The battle lasted a little longer than I would have liked, and I lost 2 Destroyers to enemy laser fire and one Cruiser to a fighter attack.  Also one Destroyer did not make it through the repair process after the battle and it was decided to scrap the ship, so after all was said and done, only one Cruiser and one Destroyer remained.

HOWEVER, the Hishen Patroller was turned to dust, one Slaver will be in drydock for many months and (this being the most important), the Hishen Mothership will have to return to the home planet for repairs and can not bombard our planet this month.

So I’m left with only a half of a Patrol Squad instead of 2, but one big threat is gone.  Now I’m down to one PEF which is right next to my big ol’ fleet.

Sadly I do not have time to tackle that today as work was very busy, but we’ll see what tomorrow brings.

Hope you’re enjoying these.  If you’re enjoying my posts and would like to buy me a coffee, you can visit my ko-fi page and do so.  But if this short post didn’t justify that, no biggie.  Thanks for reading.  Until we meet again.


Wiping the table clean.

We’re going to need bigger (and smaller) boats

We’re one PEF down with a successful defense against Hishen forces.  But that’s not all of them, and we have the other half of our Task Force.  The bigger half.


Am I the only one getting sick of the color purple?  This time we have a Class 5 Carrier along with 4 Class 4 Cruisers.  The Cruisers you are all familiar with, but the Carrier is able to launch fighters which are small, nimble craft that almost act as self-propelled missiles in a lot of respects, but they can act defensively, offensively or just fight each other for fun.

And they can make their own game called 5150: Fighter Command, but that’s for another series of posts, I’m sure.

We pass 2d6 on the PEF resolution table, meaning there’s probably going to be a #$#-ton of ships.  A ship-ton?  Let’s go with that.  Yup, there will be 8 ships to my 6.  This one will be a biggie.  I’ve got 5 Class 3 ships, 2 Class 4s and a Class 5.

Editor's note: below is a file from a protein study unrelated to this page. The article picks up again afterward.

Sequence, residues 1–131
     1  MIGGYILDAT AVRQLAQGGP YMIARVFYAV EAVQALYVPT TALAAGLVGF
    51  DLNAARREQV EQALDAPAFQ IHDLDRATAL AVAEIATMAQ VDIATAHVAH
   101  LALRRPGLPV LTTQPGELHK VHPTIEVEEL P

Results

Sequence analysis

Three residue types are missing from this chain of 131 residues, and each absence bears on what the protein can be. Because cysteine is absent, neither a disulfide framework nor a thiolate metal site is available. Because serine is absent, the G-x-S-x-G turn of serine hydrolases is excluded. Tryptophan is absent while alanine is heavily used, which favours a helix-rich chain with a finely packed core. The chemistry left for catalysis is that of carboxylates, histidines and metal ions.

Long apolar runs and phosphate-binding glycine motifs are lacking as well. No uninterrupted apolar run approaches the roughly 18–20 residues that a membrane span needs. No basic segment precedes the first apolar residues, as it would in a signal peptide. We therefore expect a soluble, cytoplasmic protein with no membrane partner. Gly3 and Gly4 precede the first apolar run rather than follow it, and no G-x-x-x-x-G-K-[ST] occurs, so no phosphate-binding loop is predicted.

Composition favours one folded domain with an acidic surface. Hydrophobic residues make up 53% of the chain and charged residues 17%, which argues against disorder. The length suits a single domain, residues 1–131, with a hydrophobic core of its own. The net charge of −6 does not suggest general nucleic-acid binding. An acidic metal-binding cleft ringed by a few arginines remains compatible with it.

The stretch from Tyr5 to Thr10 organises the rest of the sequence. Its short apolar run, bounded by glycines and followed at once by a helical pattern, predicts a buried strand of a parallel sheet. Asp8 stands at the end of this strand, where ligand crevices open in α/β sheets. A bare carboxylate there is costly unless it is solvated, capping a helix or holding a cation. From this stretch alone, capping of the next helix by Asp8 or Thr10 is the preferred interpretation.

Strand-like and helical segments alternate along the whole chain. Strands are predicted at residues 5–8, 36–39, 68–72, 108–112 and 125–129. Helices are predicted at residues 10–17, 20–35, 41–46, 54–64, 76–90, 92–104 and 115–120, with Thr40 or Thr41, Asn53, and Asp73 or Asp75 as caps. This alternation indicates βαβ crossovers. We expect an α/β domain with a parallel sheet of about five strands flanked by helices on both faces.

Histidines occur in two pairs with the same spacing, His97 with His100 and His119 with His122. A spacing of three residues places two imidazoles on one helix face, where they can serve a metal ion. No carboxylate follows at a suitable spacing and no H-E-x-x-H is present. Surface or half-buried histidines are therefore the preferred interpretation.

Hishen Task Force

  • Hishen Capital Ship Rep 5 Thrust 2 Hull 12 Shields 4 Guns 6 AA 2
  • Hishen Slaver Rep 4 Thrust 3 Hull 8 Shields 2 Guns 2 Missiles 2 AA 2
  • Hishen Slaver Rep 3 Thrust 3 Hull 8 Shields 2 Guns 2 Missiles 2 AA 2
  • Hishen Monitor Rep 3 Thrust 4 Hull 4 Shields 1 Guns 1 Missiles 2
  • Hishen Patroller Rep 4 Thrust 4 Hull 4 Shields 1 Guns 2 Missiles 1
  • Hishen Patroller Rep 4 Thrust 4 Hull 4 Shields 1 Guns 2 Missiles 1
  • Hishen Patroller Rep 3 Thrust 4 Hull 4 Shields 1 Guns 2 Missiles 1
  • Hishen Patroller Rep 3 Thrust 4 Hull 4 Shields 1 Guns 2 Missiles 1

Actually doesn’t seem to bad given their Rep scores.  Obviously the Capital ship is going to be the problem.  I will need to get as many fighters as possible on that thing.  Unfortunately pretty much everything has access to missiles, meaning I’m going to have to try and stay away from them for the most part, using my larger guns to take down the smaller craft and hope to keep them out of the fight before they can start launching against me.  This is going to be a tough fight.


They win the Long Range Scan by one, so will be coming at me at a 45 degree angle.  Again, they’ll be coming in fast, but the off angle is good for me because they’ll have to chase me down while I pepper them with laser fire.  We’re also starting 5 feet apart, so I have a small amount of breathing room.

And I win the 2d6 vs. 3d6 roll, so I get to go first!  I hope my luck continues through this battle.  So I move and launch some fighters!  With 4 hangers, 4 fighter squads get pooped out the back of the ship and get to immediately move up to 24″!  See?  Carriers are good to have on the board.


Yes, I have to roll to launch fighters every turn, and they have to avoid AA fire when they attack, but they’re still awesome.  But I still have old fashioned laser beams, so let’s fire a few of them off, shall we?

First shot takes a Patroller out of the fight as an Engine hit makes it useless.  2nd hit blows up the Monitor taking the lead.  3rd takes out another Patroller with 3 hits to the Hull.  4th shot missed.  5th shot blows the Missiles off of another Patroller.  Brave soul decides to still stay and fight, though.

Well, now it’s 6 to 5 in my favor.  I’m glad I got to go first!

So they fly closer, but not to the magic 36″.  However, the Carrier does not have Shields, so everyone is going to concentrate fire on the big Carrier except for the Slaver, who will use its bigger cannon to pierce the shields of the nearest Cruiser.

After the smoke clears, the Carrier is down a Hull point and a Thrust.  Could have been far worse.  The Slaver didn’t manage to get all its guns on the Cruiser, so shields were able to handle that, so it looks like all my ships live to fight another day.

On my turn, I’m not able to launch more fighters, nor are my current fighters able to contact the enemy, so it looks like just another round of guns firing.  Still 50″ away, so no luck there.

But still, another Engine hit causes a Patroller to bugger off.  8 hits to the Hull cause the other one to eat vacuum.  Now that all the wee ones are gone, even got a hit on one of the Slavers and had it lose a Hull and a Gun.  It’s still sticking around, though.  So now I outnumber them 2 to 1.  I’m liking these odds.

So on their turn, the Capital ship looses its 6 guns onto a Destroyer.  Luckily the one die showing a ‘6’ means not enough got through the shields to do any damage.